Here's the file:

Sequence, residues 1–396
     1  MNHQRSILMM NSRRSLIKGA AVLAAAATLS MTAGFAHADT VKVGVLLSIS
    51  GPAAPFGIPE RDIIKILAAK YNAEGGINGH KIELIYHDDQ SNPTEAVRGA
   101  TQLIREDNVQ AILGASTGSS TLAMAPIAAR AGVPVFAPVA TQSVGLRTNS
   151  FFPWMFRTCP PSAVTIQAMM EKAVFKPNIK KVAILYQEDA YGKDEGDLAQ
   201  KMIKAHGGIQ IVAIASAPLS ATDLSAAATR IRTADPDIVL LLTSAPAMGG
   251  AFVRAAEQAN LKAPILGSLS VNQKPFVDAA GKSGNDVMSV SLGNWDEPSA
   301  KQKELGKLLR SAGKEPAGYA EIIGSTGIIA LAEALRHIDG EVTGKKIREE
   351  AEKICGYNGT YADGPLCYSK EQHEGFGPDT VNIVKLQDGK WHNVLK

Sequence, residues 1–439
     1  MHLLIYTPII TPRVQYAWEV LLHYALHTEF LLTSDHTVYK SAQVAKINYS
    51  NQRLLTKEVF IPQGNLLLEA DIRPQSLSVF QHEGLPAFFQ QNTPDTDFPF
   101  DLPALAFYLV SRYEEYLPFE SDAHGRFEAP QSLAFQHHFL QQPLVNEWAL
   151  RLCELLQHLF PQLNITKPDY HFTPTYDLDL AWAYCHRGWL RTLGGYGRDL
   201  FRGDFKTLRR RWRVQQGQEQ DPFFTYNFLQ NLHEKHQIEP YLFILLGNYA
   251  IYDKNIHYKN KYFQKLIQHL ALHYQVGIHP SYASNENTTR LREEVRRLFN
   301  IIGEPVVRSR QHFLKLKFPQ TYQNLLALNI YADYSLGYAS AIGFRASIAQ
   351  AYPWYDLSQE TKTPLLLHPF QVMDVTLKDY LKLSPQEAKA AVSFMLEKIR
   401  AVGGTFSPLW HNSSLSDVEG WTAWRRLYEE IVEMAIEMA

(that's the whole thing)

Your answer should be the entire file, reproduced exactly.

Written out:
Sequence, residues 1–396
     1  MNHQRSILMM NSRRSLIKGA AVLAAAATLS MTAGFAHADT VKVGVLLSIS
    51  GPAAPFGIPE RDIIKILAAK YNAEGGINGH KIELIYHDDQ SNPTEAVRGA
   101  TQLIREDNVQ AILGASTGSS TLAMAPIAAR AGVPVFAPVA TQSVGLRTNS
   151  FFPWMFRTCP PSAVTIQAMM EKAVFKPNIK KVAILYQEDA YGKDEGDLAQ
   201  KMIKAHGGIQ IVAIASAPLS ATDLSAAATR IRTADPDIVL LLTSAPAMGG
   251  AFVRAAEQAN LKAPILGSLS VNQKPFVDAA GKSGNDVMSV SLGNWDEPSA
   301  KQKELGKLLR SAGKEPAGYA EIIGSTGIIA LAEALRHIDG EVTGKKIREE
   351  AEKICGYNGT YADGPLCYSK EQHEGFGPDT VNIVKLQDGK WHNVLK

Sequence, residues 1–439
     1  MHLLIYTPII TPRVQYAWEV LLHYALHTEF LLTSDHTVYK SAQVAKINYS
    51  NQRLLTKEVF IPQGNLLLEA DIRPQSLSVF QHEGLPAFFQ QNTPDTDFPF
   101  DLPALAFYLV SRYEEYLPFE SDAHGRFEAP QSLAFQHHFL QQPLVNEWAL
   151  RLCELLQHLF PQLNITKPDY HFTPTYDLDL AWAYCHRGWL RTLGGYGRDL
   201  FRGDFKTLRR RWRVQQGQEQ DPFFTYNFLQ NLHEKHQIEP YLFILLGNYA
   251  IYDKNIHYKN KYFQKLIQHL ALHYQVGIHP SYASNENTTR LREEVRRLFN
   301  IIGEPVVRSR QHFLKLKFPQ TYQNLLALNI YADYSLGYAS AIGFRASIAQ
   351  AYPWYDLSQE TKTPLLLHPF QVMDVTLKDY LKLSPQEAKA AVSFMLEKIR
   401  AVGGTFSPLW HNSSLSDVEG WTAWRRLYEE IVEMAIEMA